Ryan Seacrest: From ‘Idol’ to empire

Published 6:30 AM EST, Mon January 4, 2016

Story highlights

Ryan Seacrest has been building an entertainment career since high school

The longtime "Idol" host now runs an empire, including "Kardashians," red carpets

(CNN) —  

Howard Stern may call himself the “King of All Media,” but Ryan Seacrest may have a better claim to that title.

Consider the host, producer and mogul’s list of credits: “American Idol,” one of the most popular shows in television history. “American Top 40,” the venerable radio countdown long led by Casey Kasem.

A fashion line, Ryan Seacrest Distinction. A charitable foundation for pediatric hospitals. Jennifer Lopez’s new NBC cop show, “Shades of Blue.” The Kardashian reality shows as well as E! News, of which he’s managing editor. “Dick Clark’s New Year’s Rockin’ Eve.”

He’s almost always in the public eye (or ear), whether it’s overseeing the “Rockin’ Eve” extravaganza – which he just did for the 11th year – or chatting on his radio show on Los Angeles’ KIIS-FM.

Not seeing enough Seacrest? For the next five months, he’ll be even more ubiquitous as “Idol” returns for its 15th and final season, starting January 6.

But though “Idol” was the major springboard to Seacrest’s fame, “Rockin’ Eve” may be equally important because of the man Seacrest succeeded: his mentor, Dick Clark.

“I studied him as a kid, and I had the fortunate opportunity to work with him for several years on New Year’s Eve,” he told the Hollywood Reporter after Clark’s death in 2012.

By that point, Seacrest was powerful enough to bid for the “American Bandstand” host’s prolific production company.

Not bad for the lawyer’s son who once made mixtapes for his school bus drivers.

’Everything is connected’

Seacrest was born in 1974 and raised in the Atlanta suburbs. Even as a teenager, he was goal-oriented. In one oft-told story, he was embarrassed by his pudginess, so he cut his lunch intake from a pair of sandwiches to a bit of fruit.

And entertainment? First were the bus driver tapes. Then he impressed classmates by turning morning announcements into entertaining segments. Finally, when he was 16, came an internship with an Atlanta radio station.

“I remember thinking, ‘Everything I do from this point on is a step,’ ” he told Details in 2007. “If I’m scrubbing the break room, I’m closer to the studio room. And if I’m in the studio room, I’m closer to the microphone. If I’m closer to the microphone … I really got the psychology of it – that everything is connected.”

He dropped out of the University of Georgia after two semesters to pursue bigger dreams. He wouldn’t be talked out of it, his mother, Connie, told The Wall Street Journal.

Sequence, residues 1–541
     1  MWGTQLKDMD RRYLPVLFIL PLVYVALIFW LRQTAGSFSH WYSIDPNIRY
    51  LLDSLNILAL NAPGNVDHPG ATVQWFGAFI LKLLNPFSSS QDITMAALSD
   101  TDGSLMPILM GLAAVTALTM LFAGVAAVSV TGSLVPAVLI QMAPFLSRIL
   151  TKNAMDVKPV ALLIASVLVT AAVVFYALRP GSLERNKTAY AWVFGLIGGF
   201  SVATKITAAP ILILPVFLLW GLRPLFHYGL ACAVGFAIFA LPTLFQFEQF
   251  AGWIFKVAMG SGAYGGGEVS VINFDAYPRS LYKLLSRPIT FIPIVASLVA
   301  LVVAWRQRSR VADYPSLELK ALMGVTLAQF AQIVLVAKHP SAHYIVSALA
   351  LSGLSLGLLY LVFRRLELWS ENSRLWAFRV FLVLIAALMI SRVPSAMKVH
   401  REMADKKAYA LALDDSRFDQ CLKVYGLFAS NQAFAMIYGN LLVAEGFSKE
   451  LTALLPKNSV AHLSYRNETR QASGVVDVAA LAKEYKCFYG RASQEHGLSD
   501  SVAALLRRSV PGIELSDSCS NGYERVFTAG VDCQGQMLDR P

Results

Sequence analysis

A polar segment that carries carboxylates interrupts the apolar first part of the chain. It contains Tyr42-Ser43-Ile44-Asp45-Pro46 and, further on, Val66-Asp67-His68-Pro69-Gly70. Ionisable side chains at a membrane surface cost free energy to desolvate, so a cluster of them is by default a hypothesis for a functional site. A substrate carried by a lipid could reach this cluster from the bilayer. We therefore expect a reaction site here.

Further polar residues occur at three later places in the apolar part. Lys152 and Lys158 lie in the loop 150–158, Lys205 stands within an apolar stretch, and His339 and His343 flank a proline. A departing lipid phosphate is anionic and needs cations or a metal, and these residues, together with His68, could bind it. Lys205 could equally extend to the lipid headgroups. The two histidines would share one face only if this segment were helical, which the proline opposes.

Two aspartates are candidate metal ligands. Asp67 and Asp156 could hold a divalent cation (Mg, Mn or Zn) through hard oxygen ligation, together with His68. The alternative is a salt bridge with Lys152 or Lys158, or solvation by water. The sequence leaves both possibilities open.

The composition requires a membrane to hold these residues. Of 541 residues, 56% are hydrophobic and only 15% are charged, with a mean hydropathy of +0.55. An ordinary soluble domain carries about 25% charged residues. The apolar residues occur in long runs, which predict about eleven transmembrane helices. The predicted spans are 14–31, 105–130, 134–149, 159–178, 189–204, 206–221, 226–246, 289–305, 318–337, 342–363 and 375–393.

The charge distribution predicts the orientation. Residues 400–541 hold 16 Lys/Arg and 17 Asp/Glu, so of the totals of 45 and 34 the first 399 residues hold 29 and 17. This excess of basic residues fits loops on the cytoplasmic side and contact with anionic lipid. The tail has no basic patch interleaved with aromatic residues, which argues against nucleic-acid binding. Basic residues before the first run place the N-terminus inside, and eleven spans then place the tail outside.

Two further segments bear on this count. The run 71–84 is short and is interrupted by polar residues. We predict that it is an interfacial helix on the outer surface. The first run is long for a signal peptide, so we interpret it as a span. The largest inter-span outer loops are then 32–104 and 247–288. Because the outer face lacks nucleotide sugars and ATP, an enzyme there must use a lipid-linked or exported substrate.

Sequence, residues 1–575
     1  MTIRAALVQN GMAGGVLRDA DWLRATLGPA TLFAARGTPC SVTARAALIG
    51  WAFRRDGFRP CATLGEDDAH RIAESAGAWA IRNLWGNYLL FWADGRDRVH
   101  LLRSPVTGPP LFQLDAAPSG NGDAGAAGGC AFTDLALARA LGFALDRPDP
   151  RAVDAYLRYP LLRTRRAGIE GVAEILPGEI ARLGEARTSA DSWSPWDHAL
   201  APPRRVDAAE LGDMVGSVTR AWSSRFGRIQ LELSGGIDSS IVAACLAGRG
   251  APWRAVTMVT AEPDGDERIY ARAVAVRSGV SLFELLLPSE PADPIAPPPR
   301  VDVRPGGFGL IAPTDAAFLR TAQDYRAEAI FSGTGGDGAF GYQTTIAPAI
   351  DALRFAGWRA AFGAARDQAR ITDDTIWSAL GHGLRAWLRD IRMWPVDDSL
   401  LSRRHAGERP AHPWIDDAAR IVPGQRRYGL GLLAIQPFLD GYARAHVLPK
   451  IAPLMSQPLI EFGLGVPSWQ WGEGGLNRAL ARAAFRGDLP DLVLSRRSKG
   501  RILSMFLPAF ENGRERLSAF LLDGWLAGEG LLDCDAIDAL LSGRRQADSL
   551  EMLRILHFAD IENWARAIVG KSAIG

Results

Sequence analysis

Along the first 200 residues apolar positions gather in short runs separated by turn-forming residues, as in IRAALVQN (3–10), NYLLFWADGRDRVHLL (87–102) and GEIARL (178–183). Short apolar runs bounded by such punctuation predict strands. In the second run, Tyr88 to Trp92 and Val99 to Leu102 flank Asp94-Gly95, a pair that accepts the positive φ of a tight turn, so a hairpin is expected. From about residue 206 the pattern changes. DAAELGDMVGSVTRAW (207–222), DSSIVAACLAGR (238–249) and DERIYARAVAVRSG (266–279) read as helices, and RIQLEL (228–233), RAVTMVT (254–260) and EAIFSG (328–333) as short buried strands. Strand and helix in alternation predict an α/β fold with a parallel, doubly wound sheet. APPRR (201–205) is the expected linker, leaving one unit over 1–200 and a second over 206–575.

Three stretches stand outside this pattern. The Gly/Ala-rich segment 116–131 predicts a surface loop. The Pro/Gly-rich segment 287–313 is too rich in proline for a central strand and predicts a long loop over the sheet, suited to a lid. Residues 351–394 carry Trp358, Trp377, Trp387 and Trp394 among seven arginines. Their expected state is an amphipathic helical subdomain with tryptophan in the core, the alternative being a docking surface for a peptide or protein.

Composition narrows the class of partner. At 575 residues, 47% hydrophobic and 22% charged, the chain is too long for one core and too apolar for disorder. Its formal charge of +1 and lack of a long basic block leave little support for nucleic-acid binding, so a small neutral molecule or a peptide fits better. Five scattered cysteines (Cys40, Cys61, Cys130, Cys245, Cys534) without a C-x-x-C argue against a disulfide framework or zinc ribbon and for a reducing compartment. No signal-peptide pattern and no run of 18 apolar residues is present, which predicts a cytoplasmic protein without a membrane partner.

“I told (husband) Gary, ‘You’re a great attorney. Let me see you win this battle.’ Ryan had all the answers,” she recalled. “He was always older than his years.”

Seacrest spent the late ‘90s trying to move up. Radio stardom came quickly enough: In 1994, not long after he arrived in Los Angeles, he started “Ryan Seacrest for the Ride Home,” which was soon syndicated nationally. But his television career was a series of short-lived gigs, including ESPN’s “Radical Outdoor Challenge” and the syndicated “Gladiators 2000.”

The turning point came in 2001.

One weekend, he was deciding between an offer to host “Family Feud,” the long-running game show, or a new summer talent show called “American Idol,” where he’d initially interviewed as a judge.

The former was an established hit. But something about “Idol” spoke to him.

“They told me I had till Monday to decide,” Seacrest told Details. ” ‘Family Feud’ was the bigger opportunity. But for some reason – I’m still not entirely sure why – I ended up choosing ‘American Idol.’ “

Climbing up with the Kardashians

Seacrest, being Seacrest, didn’t stop with “Idol.” He was just the host; the show, spearheaded by 19 Entertainment, was essentially someone else’s cash cow.

So, inspired by heroes such as Clark, he branched out. Red carpets. Reality shows. Product pitchman. More radio. More TV.

The Kardashians helped make it possible. Before “Keeping Up With the Kardashians” went on the air in 2007, Seacrest was amassing deals and credits – including one as Clark’s co-host on “Rockin’ Eve” – but hadn’t overseen a breakout show.

Inspired by “The Osbournes,” he had a colleague shoot a Kardashian family barbecue on Sunday afternoon. The colleague called immediately.

“(He said), ‘They’re so funny; they’re so fun; there is so much love in this family, and they’re so chaotic, they throw each other in the pool!’ We watched it and rushed the tape to E! immediately, and that was the beginning,” he recalled.

The show remains one of E!’s most popular and has spawned several spinoffs.